Example: Data Race

That's nice, but of course we also could have provoked the error in our random value example by using explicit loops instead of the Random.nextInt() calls, i.e. by explicitly enumerating all possible “a” and “b” values in our program. This would be typically done in a program that is a dedicated test driver, in a process which is called “systematic testing”. However, the program we want to verify might not be a test driver, and we might not even have the sources so that we could modify it accordingly.

But the real show stopper for systematic testing lies within the instructions representing choices: at the application level, we might neither be aware of that there are choices, what the choice values are, nor be able to explicitly pick them.

To demonstrate this point, let us look at a little concurrency example using two threads of execution. Quite obviously, the program produces different results depending on if line (2) or (4) gets executed first. But assuming we can't control what happens in (1) and (2), this time we cannot explicitly enumerate the choices - they are made by the system scheduler, i.e. outside of our application.

public class Racer implements Runnable {
     int d = 42;
     public void run () {
          doSomething(1000);                   // (1)
          d = 0;                               // (2)
     public static void main (String[] args){
          Racer racer = new Racer();
          Thread t = new Thread(racer);
          doSomething(1000);                   // (3)
          int c = 420 / racer.d;               // (4)
     static void doSomething (int n) {
          // not very interesting..
          try { Thread.sleep(n); } catch (InterruptedException ix) {}

Chances are, we don't encounter this defect at all during normal testing:

> java Racer

Not so with JPF. Being a real virtual machine, there is nothing we can't control. And being a different kind of a Java virtual machine, JPF recognizes that 'racer' is an object that is shared between two threads, and hence executes all possible statement sequences / scheduling combinations in which this object can be accessed. This time, we give the complete output, which also shows the "trace" (the execution history) that lead to the defect found by JPF:

> bin/jpf Racer
JavaPathfinder v4.1 - (C) 1999-2007 RIACS/NASA Ames Research Center
====================================================== system under test
application: /Users/pcmehlitz/tmp/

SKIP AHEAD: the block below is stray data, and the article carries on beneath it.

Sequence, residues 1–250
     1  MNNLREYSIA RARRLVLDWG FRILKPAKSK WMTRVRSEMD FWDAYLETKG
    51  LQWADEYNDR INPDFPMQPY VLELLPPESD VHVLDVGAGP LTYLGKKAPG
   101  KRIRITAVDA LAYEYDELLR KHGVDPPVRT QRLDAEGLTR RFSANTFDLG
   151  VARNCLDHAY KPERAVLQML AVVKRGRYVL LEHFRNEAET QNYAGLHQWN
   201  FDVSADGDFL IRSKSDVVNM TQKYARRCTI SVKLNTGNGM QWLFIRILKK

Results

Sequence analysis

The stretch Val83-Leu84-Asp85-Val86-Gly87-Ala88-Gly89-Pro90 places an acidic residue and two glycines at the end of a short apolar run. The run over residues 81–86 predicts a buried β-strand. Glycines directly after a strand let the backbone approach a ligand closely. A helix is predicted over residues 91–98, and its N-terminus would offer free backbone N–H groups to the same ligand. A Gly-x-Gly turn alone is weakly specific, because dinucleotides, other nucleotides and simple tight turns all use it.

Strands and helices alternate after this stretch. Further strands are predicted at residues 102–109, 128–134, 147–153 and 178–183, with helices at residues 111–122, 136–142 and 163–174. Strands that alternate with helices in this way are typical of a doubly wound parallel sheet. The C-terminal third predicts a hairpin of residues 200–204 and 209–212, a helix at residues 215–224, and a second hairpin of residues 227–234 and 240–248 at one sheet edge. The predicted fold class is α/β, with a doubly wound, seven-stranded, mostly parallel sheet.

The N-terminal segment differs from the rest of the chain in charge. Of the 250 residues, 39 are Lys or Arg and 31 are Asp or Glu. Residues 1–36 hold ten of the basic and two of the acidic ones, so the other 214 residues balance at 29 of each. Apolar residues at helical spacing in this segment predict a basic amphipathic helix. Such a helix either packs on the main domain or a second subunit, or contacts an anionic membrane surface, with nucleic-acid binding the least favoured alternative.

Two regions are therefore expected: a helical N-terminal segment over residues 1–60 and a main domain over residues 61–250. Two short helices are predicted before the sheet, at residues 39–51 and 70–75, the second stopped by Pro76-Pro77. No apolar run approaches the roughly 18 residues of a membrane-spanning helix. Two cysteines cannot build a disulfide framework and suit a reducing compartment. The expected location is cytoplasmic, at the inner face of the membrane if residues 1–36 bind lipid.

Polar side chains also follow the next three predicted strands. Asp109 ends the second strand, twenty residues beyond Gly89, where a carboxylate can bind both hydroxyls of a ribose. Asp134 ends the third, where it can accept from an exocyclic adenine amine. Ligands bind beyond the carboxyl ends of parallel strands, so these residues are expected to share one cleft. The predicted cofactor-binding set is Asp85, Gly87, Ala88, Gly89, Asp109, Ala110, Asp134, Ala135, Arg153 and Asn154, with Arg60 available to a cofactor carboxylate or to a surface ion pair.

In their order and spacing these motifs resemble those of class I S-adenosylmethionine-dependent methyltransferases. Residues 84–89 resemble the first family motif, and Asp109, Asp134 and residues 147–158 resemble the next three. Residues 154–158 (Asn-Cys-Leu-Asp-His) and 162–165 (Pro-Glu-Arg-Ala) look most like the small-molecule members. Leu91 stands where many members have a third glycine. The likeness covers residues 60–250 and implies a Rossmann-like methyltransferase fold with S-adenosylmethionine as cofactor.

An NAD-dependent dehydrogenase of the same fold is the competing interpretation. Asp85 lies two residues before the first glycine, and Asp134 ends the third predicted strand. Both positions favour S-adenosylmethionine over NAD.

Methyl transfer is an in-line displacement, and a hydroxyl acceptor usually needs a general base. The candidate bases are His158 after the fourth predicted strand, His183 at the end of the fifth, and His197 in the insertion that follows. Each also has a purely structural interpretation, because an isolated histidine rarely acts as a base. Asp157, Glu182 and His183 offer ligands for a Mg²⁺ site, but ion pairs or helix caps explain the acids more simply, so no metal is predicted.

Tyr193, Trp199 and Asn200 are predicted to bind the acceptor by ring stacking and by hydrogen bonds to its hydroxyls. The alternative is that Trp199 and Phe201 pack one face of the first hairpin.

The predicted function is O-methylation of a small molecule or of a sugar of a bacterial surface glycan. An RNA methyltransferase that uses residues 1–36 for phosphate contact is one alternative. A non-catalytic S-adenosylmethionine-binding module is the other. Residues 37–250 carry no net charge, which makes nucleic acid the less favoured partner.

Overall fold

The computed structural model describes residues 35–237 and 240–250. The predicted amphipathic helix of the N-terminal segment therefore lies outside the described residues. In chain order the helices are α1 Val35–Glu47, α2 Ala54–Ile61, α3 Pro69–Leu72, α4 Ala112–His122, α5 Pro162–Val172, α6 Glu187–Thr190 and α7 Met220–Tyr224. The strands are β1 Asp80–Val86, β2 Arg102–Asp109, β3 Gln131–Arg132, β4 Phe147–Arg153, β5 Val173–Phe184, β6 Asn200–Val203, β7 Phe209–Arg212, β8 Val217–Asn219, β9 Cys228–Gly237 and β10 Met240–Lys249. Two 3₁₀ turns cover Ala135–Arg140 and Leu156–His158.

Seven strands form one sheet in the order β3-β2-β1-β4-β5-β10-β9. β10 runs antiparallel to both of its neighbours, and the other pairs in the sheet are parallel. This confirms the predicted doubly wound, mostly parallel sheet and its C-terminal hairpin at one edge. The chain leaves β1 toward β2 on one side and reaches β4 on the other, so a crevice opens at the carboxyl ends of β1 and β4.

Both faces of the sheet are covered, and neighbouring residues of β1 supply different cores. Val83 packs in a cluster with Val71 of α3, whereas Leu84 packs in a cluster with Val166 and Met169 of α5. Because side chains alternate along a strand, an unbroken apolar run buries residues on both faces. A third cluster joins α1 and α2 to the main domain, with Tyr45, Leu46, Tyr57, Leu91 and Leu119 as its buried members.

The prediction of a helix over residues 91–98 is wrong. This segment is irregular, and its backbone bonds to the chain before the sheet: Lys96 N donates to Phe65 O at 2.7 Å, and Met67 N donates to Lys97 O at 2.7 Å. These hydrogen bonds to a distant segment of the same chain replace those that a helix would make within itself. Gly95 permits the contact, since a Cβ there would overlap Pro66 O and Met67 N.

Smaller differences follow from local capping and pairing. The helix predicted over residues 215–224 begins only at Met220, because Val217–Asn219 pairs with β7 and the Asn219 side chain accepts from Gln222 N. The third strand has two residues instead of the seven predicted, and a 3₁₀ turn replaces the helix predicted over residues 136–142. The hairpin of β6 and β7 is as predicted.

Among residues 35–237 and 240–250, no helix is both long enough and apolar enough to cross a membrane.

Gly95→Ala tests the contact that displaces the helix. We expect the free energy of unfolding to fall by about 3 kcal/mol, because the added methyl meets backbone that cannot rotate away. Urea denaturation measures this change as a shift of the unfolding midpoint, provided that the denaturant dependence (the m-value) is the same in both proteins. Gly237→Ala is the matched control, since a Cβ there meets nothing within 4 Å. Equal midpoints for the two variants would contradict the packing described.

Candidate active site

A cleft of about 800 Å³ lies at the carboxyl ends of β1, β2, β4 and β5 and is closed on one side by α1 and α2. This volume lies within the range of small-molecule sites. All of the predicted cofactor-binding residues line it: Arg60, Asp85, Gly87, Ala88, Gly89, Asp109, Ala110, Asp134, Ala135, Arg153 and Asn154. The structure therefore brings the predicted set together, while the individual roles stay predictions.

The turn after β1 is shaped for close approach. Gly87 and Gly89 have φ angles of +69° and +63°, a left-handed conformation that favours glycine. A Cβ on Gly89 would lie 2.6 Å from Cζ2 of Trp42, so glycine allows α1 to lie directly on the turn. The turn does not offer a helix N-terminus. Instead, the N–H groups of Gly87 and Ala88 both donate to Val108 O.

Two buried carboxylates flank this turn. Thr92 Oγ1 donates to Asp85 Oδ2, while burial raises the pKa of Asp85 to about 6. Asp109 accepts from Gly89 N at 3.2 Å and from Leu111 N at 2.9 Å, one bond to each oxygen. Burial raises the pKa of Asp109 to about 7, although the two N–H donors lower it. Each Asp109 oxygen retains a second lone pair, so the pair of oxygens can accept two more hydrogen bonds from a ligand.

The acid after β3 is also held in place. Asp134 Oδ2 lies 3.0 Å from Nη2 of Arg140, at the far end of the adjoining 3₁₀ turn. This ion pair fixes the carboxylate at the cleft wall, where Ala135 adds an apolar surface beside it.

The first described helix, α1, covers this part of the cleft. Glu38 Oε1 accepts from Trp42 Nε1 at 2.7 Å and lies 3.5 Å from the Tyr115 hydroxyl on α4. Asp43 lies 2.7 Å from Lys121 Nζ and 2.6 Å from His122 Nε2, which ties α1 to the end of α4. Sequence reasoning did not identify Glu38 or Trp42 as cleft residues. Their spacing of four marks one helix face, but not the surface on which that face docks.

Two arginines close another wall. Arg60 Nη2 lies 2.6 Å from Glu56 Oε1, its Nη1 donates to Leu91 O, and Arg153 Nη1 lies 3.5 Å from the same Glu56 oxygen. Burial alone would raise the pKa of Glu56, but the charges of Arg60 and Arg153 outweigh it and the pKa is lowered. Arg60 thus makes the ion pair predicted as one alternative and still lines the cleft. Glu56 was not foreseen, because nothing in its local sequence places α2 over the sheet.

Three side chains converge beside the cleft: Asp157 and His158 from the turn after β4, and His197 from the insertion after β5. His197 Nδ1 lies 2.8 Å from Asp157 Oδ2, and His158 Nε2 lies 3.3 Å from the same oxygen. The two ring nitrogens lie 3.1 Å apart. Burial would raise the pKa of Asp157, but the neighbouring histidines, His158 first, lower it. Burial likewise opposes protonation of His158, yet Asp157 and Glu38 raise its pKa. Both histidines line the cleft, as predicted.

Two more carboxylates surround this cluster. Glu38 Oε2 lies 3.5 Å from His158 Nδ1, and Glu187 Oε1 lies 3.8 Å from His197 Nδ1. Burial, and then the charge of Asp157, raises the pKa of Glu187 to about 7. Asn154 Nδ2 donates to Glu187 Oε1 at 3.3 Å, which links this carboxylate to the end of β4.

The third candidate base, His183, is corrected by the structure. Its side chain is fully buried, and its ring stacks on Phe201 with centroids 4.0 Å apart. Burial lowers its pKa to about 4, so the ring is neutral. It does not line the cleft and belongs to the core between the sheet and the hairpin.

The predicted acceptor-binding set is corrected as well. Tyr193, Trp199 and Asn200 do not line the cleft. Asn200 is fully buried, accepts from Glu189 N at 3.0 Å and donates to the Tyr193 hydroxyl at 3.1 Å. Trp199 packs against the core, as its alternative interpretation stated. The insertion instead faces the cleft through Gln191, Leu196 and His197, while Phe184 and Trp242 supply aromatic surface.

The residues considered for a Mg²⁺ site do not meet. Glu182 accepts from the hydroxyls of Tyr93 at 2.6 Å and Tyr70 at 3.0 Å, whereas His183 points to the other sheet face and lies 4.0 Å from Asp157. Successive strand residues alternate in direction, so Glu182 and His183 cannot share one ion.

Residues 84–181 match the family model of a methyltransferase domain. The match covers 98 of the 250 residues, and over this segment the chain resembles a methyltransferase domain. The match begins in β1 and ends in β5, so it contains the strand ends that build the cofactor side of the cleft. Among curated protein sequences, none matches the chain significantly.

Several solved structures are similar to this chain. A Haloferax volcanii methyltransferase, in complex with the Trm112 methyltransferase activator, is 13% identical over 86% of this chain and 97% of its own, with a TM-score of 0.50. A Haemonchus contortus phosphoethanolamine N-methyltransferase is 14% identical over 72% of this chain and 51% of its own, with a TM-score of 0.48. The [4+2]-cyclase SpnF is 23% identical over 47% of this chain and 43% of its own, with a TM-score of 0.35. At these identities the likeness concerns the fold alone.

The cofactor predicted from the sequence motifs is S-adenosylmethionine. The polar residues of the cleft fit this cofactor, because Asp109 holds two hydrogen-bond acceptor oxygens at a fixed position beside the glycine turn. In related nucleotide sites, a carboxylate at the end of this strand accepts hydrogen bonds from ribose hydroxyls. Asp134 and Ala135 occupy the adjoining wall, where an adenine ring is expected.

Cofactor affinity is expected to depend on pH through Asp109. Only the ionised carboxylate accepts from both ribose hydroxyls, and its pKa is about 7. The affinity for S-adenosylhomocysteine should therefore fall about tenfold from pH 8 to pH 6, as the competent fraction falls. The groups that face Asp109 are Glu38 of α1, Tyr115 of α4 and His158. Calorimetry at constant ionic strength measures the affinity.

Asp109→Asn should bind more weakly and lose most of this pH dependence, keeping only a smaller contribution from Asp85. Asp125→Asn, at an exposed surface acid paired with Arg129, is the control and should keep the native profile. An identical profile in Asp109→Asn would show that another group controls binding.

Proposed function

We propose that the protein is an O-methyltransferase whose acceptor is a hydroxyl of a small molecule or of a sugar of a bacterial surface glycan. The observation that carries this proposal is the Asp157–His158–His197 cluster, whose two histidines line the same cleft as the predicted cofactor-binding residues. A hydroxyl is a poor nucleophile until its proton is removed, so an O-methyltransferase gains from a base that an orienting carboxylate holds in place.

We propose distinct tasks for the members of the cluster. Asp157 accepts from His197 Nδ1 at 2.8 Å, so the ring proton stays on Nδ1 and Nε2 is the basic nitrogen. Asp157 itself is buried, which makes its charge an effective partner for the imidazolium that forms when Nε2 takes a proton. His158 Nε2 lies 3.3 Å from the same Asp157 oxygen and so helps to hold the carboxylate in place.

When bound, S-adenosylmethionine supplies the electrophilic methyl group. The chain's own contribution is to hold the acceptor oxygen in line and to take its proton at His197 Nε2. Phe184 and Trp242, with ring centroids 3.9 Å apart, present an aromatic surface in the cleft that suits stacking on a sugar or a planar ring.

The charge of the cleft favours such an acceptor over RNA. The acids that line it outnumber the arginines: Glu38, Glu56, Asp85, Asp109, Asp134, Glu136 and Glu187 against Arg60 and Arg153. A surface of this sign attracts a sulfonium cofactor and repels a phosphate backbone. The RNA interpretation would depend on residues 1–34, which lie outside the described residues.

====================================================== search started: 5/24/07 12:32 AM

====================================================== error #1
java.lang.ArithmeticException: division by zero
        at Racer.main(

====================================================== trace #1
------------------------------------------------------ transition #0 thread: 0
gov.nasa.jpf.jvm.choice.ThreadChoiceFromSet {>main}
      [282 insn w/o sources]                  : Racer racer = new Racer();                   : public class Racer implements Runnable {
      [1 insn w/o sources]                   : int d = 42;                  : Racer racer = new Racer();                  : Thread t = new Thread(racer);
      [51 insn w/o sources]                  : Thread t = new Thread(racer);                  : t.start();
------------------------------------------------------ transition #1 thread: 0
gov.nasa.jpf.jvm.choice.ThreadChoiceFromSet {>main,Thread-0}                  : t.start();                  : doSomething(1000);                   // (3)                   : try { Thread.sleep(n); } catch (InterruptedException ix) {}
      [2 insn w/o sources]                   : try { Thread.sleep(n); } catch (InterruptedException ix) {}                   : }                  : int c = 420 / racer.d;               // (4)
------------------------------------------------------ transition #2 thread: 1
gov.nasa.jpf.jvm.choice.ThreadChoiceFromSet {main,>Thread-0}                  : doSomething(1000);                   // (1)                   : try { Thread.sleep(n); } catch (InterruptedException ix) {}
      [2 insn w/o sources]                   : try { Thread.sleep(n); } catch (InterruptedException ix) {}                   : }                  : d = 0;                               // (2)
------------------------------------------------------ transition #3 thread: 1
gov.nasa.jpf.jvm.choice.ThreadChoiceFromSet {main,>Thread-0}                  : d = 0;                               // (2)                  : }
------------------------------------------------------ transition #4 thread: 0
gov.nasa.jpf.jvm.choice.ThreadChoiceFromSet {>main}                  : int c = 420 / racer.d;               // (4)

====================================================== search finished: 5/24/07 12:32 AM

Looking at the output created by our test program, we see the result "10" printed twice, but that doesn't confuse us anymore. From our first example, we know this simply means that JPF first tried two scheduling sequences that normally terminated the program without provoking the defect, before finally picking the one that causes the error.

It still might be a bit confusing that the printed trace contains some source lines twice. Ignoring the details of its choice generation mechanism, this is caused by JPF executing bytecode instructions, not source lines, and a single source line can easily get translated into a number of bytecode instructions. This would go away if we configure JPF so that it reports the executed bytecode, but at the cost of much larger trace that is harder to read. What is more interesting is that JPF tells us about the thread choices it made in each transition (the lines starting with "gov.nasa.jpf.jvm.ThreadChoice..").

Last modified 9 years ago Last modified on 09/05/2009 02:28:11 PM